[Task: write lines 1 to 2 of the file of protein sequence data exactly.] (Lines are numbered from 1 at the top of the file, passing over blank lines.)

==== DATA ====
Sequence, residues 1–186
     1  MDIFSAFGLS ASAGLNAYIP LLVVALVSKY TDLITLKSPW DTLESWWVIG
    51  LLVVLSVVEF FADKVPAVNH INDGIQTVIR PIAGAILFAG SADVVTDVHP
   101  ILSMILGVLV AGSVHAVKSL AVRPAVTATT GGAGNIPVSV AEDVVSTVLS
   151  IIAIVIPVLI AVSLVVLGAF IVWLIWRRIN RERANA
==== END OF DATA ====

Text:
Sequence, residues 1–186
     1  MDIFSAFGLS ASAGLNAYIP LLVVALVSKY TDLITLKSPW DTLESWWVIG